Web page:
Service Management 

Service challenges and opportunities for the Internet of Everything

The increasingly interconnected Internet of Everything is driving acceleration and opportunity, but what are the implications for CIOs and service managers?

Think about goods on a cargo ship traveling to a far-away destination, with sensors reporting the condition of the produce. Think about a store whose merchandise is all connected with sensors. An item in that store’s inventory communicates when it has been sold, and if a store credit card is used, it can link directly to the purchaser. The Internet of Things is clearly becoming the Internet of Everything, and the business opportunities are extensive.

And so are the implications for C-level executives. As today’s business is more dependent on technology for its survival than at any point in history, more than ever, today’s CIO must act not only as a technology leader but as a critical business partner who understands the nature and direction of the business.

From chief information officer to chief digital officer?

The challenge for many CIOs is that they are seen simply as technologists. But a more fitting title and role should be “chief digital officer” – a position that is the conduit to disruptive business and can drive new methods of revenue generation.

The old CIO perception problem is exacerbated by the useful lifecycles of technology decreasing. It gets worse for CIOs as the business side of the house is increasingly aware and empowered to directly procure IT-enabled business solutions, often leading to investments in capital equipment that hold little value to the organization – yet some still point back to the CIO and question their business acumen.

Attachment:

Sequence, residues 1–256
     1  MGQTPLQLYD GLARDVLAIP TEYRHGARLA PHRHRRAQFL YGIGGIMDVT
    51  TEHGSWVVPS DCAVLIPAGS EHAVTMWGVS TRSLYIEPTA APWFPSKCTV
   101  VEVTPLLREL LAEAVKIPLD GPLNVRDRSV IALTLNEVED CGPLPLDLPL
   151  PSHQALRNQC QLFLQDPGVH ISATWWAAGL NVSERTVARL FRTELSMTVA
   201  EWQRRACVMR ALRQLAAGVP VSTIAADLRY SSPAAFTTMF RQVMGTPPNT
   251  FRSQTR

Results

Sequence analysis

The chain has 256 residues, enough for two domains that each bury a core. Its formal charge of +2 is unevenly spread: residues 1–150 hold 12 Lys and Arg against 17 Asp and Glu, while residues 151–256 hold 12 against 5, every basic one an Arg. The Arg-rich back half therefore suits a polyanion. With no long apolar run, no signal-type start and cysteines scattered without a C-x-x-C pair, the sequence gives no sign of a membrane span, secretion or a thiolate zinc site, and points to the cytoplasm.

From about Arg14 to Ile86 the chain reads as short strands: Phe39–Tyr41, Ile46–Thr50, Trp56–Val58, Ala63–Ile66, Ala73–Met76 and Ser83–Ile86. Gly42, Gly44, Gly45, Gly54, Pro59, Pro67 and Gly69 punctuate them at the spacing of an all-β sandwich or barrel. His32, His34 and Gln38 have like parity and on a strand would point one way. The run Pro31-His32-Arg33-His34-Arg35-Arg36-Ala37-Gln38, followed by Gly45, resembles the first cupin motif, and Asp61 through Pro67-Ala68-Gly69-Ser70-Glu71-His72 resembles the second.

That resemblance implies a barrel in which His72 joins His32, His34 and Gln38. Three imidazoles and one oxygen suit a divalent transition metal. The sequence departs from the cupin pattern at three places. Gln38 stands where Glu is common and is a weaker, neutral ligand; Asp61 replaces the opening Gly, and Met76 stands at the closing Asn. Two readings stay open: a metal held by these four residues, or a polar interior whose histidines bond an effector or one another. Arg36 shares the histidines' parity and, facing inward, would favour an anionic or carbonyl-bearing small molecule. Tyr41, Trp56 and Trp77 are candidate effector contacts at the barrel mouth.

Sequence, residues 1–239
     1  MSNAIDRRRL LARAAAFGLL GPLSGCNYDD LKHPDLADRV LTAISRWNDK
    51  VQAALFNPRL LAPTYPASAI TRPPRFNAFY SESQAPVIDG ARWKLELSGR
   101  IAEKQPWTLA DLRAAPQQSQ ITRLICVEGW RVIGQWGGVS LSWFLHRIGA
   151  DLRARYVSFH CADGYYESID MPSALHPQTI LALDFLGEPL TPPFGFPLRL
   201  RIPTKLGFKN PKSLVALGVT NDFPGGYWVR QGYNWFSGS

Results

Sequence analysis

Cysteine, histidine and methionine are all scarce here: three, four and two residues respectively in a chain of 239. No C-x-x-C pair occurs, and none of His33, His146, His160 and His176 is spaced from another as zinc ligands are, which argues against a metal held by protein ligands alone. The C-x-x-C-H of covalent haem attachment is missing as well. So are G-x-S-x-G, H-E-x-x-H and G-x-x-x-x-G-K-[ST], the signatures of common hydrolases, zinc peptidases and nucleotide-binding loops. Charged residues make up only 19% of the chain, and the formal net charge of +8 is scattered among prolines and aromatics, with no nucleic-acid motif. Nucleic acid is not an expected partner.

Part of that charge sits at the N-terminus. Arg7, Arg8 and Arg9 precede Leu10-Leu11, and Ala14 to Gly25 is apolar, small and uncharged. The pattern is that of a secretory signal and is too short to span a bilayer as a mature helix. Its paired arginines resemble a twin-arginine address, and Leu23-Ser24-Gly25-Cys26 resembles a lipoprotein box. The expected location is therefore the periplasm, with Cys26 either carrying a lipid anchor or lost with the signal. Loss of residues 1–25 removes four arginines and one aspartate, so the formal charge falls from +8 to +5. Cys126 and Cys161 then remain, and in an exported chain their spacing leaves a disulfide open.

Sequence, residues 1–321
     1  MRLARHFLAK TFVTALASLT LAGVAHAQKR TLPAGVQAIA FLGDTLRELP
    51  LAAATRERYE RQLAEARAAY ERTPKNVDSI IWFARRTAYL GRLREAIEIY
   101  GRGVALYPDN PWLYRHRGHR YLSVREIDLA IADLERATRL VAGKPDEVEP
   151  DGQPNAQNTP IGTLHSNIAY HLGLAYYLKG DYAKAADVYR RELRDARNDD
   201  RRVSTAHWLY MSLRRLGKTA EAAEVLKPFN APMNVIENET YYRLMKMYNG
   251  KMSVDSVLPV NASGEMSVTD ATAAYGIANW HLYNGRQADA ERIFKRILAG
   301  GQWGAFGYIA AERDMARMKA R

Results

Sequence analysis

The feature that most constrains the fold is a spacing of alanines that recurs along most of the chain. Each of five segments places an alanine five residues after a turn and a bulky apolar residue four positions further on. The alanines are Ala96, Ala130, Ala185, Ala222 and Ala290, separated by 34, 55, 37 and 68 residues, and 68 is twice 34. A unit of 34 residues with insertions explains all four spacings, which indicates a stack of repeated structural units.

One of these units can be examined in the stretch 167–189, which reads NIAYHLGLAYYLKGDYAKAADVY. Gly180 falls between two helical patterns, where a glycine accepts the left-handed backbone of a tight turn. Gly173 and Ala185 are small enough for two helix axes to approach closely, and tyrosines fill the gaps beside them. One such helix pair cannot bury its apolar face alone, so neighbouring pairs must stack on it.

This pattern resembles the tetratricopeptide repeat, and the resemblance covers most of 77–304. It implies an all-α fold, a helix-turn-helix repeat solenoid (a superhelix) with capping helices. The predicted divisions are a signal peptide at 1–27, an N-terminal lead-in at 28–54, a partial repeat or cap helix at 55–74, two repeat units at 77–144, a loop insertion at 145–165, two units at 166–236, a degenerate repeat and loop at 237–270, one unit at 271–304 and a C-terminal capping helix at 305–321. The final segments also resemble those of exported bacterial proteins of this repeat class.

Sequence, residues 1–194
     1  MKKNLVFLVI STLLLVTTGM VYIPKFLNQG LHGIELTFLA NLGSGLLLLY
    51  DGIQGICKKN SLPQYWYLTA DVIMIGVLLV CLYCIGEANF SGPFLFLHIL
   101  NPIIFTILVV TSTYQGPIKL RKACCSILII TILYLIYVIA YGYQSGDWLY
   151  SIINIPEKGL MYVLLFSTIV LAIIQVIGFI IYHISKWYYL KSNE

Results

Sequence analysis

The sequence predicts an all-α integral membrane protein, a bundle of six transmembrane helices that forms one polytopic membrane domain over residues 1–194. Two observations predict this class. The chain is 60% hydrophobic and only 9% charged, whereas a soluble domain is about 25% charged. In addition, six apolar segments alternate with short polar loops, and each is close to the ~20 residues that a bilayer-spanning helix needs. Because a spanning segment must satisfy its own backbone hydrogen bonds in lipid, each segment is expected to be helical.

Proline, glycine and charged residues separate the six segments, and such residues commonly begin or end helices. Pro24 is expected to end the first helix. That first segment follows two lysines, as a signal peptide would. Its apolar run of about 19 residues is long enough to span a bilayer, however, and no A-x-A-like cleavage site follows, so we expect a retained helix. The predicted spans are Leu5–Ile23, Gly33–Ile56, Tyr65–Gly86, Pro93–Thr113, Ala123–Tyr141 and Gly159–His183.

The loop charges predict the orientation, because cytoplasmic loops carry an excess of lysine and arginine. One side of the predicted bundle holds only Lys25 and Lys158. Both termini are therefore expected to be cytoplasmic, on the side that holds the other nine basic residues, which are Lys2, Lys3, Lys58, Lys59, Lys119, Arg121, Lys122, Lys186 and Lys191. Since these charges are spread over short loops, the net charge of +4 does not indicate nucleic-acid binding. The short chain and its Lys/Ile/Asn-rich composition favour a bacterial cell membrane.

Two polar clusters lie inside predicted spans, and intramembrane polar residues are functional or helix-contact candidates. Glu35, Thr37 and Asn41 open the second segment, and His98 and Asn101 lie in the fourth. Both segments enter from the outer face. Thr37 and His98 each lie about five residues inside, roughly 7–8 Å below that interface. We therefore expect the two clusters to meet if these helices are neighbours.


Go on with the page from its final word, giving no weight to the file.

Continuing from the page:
In response, many CIOs are transitioning to a new agile environment where speed is critical. To deliver, they need to integrate with the business transformation at the rate, pace and risk appetite of the business. For instance a new solution with top secret or business-critical information will mandate greater levels of security. Too many IT organizations do not classify the information appropriately, often implementing a single security approach rather than an information-based approach. This often leads to frustration on the business side, as too many controls end up being placed on some less-critical information in order to guard the critical information.

Of course, when it comes to information, there’s just a lot more of it these days. Our CIOs or CDOs will have to deal with the explosion of information that the Internet of Everything and Big Data is delivering. Vast streams of data, when correctly leveraged, can provide critical competitive advantage, but many CIOs are still getting to grips with the correct resources required to drive real informational value from that data.

Sensors and services

For our service managers, the Internet of Everything will present some really interesting challenges.

First they will need to be able to truly understand all of the components that make up the business service. Unlike the largely static systems and services of the past, today’s environments are increasingly dynamic and the frequency of change will only accelerate. To be successful, service managers will need to ensure that services can be built in almost real time to support the ever-changing business processes that are dependent on technology. Service managers need to understand their configurations, including the components and partners that make up their services, and focus on configuration management and their configuration management databases (CMDBs).

I am not promoting a return of standalone CMDBs, but I am suggesting the focus on the discipline of configuration management is important. In a world where sensors become part of every service, combined with a dynamic configuration, the service configuration is more critical than ever.

Service managers should focus on the process of automated configuration management to ensure end-to-end visibility of the service, which in turn will give them improved visibility of services and better information on the impact of component failures. Additionally, availability should improve, as the sensors provide better health information that enables service managers to proactively triage failures.

The Internet of Everything is here, and its arrival offers IT organizations new and exciting opportunities to add value to the business and assure business continuity and resilience.

Image credit: Playing Futures

Robert Stroud is VP of innovation and strategy for IT Business Management at CA Technologies.…

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